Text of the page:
• Emphasis on Organizational Context: Every organization is unique, with its challenges, objectives, and operational nuances. CSF 2.0, emphasizing governance, pushes organizations to consider their specific context. This means understanding the intricacies of their operations, the nature of the threats they face, and the vulnerabilities inherent in their systems. 


Re-Focusing on Supply Chain Security

Supply chains are the most essential part of cybersecurity. Software, cloud tools, and other solutions are the foundation for modern government.  A single vulnerability in any part of the supply chain can compromise the entire system, leading to potential data breaches, financial losses, and reputational damage. Recognizing the criticality of this aspect, CSF 2.0 has taken significant strides to bolster supply chain security, ensuring that organizations are equipped to address the multifaceted challenges that arise from complex supply chain networks.

  • Updated Practices: CSF 2.0 acknowledges the dynamic nature of supply chain governance and has updated its content to reflect the latest best practices in security. This includes guidance on secure software development, ensuring that applications and systems are designed with security in mind from the ground up. Additionally, the Framework provides insights into supply chain risk management, offering strategies to vet suppliers, monitor third-party activities, and ensure that every link in the supply chain adheres to the highest security standards.
  • Holistic Security: CSF 2.0 encourages organizations to adopt a holistic view of their supply chain. This means going beyond the immediate suppliers and considering secondary and tertiary suppliers, contractors, and other entities with access to critical systems and data. Organizations can identify potential weak points by mapping the supply chain and implementing layered security measures to ensure robust protection.
  • Collaboration: Supply chain security is a collaborative endeavor. It requires collaboration between all stakeholders, from suppliers and service providers to customers and regulatory bodies. CSF 2.0 emphasizes the importance of open communication, information sharing, and joint risk assessments. By fostering a collaborative environment, organizations can pool resources, share threat intelligence, and collectively enhance the security of the entire supply chain.


Promoting Continuous Improvement

Organizations must adopt a continuous improvement mindset to stay ahead of these challenges, ensuring their cybersecurity strategies are reactive and proactive. CSF 2.0, with its forward-thinking approach, places a significant emphasis on continuous improvement, guiding organizations toward a resilient and adaptive cybersecurity posture.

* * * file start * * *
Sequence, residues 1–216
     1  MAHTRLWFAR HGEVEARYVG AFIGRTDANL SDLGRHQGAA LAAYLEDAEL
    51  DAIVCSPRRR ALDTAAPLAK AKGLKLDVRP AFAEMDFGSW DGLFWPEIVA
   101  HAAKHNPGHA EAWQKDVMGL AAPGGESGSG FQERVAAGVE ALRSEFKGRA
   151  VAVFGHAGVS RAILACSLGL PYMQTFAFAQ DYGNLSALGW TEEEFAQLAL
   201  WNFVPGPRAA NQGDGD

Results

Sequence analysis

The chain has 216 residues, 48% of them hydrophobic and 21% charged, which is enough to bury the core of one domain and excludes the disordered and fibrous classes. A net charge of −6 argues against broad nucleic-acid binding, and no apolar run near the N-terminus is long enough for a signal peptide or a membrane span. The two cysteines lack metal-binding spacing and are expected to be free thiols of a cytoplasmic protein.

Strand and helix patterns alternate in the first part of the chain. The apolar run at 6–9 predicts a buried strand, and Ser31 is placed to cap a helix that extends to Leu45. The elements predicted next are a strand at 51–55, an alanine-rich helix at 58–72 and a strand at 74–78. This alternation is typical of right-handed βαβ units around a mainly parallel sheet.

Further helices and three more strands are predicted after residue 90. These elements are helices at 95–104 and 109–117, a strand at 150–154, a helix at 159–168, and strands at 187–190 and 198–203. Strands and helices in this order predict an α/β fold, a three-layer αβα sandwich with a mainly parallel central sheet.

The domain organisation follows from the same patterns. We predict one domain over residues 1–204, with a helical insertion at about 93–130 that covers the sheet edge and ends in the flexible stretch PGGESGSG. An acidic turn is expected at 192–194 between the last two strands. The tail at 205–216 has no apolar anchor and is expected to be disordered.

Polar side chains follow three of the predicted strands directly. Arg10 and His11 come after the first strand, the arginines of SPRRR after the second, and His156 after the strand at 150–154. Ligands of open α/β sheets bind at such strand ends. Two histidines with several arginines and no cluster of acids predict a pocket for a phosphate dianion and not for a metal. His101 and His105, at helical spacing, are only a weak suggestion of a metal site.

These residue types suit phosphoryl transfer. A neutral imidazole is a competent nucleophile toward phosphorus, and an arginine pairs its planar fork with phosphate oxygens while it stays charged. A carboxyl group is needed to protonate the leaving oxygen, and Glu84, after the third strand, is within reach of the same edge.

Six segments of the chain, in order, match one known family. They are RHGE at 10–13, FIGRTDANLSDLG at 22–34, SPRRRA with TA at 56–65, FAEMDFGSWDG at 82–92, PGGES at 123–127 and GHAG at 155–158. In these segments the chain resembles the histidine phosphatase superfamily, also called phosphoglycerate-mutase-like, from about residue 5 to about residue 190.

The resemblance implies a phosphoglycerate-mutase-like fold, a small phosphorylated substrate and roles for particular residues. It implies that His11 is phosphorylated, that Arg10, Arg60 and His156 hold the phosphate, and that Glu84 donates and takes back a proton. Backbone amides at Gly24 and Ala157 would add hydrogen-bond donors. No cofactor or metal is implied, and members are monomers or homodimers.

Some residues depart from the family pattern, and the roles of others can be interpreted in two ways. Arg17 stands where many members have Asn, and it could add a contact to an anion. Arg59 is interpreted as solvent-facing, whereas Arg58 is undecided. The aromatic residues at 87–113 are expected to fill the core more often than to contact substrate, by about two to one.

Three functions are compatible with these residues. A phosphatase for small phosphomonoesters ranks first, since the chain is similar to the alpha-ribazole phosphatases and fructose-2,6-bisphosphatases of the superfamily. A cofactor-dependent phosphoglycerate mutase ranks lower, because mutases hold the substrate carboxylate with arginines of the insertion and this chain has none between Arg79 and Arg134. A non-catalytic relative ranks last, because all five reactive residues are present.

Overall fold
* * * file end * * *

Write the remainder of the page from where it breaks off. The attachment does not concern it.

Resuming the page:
• Adaptive Cybersecurity Practices: The essence of continuous improvement lies in learning and adapting. CSF 2.0 champions this by encouraging organizations to refine their cybersecurity practices based on retrospective and current insights. This encompasses lessons learned from past incidents, predictive indicators derived from data analytics, and stakeholder feedback. Organizations can remain agile by continuously iterating on their practices, responding effectively to emerging threats, and minimizing potential vulnerabilities.
  • Monitoring and Evaluation: Organizations can gain a granular understanding of their cybersecurity posture by incorporating key performance indicators (KPIs) and key risk indicators (KRIs). This data-driven approach allows them to assess their measures’ effectiveness, identify improvement areas, and make informed decisions to bolster their defenses.
  • Iterative Action: An effective cybersecurity strategy is not static; it evolves with the organization’s objectives, the threat landscape, and technological advancements. CSF 2.0 underscores the importance of revisiting and updating action plans regularly. By doing so, organizations can ensure that their strategies remain relevant, addressing current challenges and anticipating future ones. This iterative approach, coupled with feedback mechanisms, fosters a culture of continuous improvement, where cybersecurity is seen as a dynamic journey rather than a fixed destination.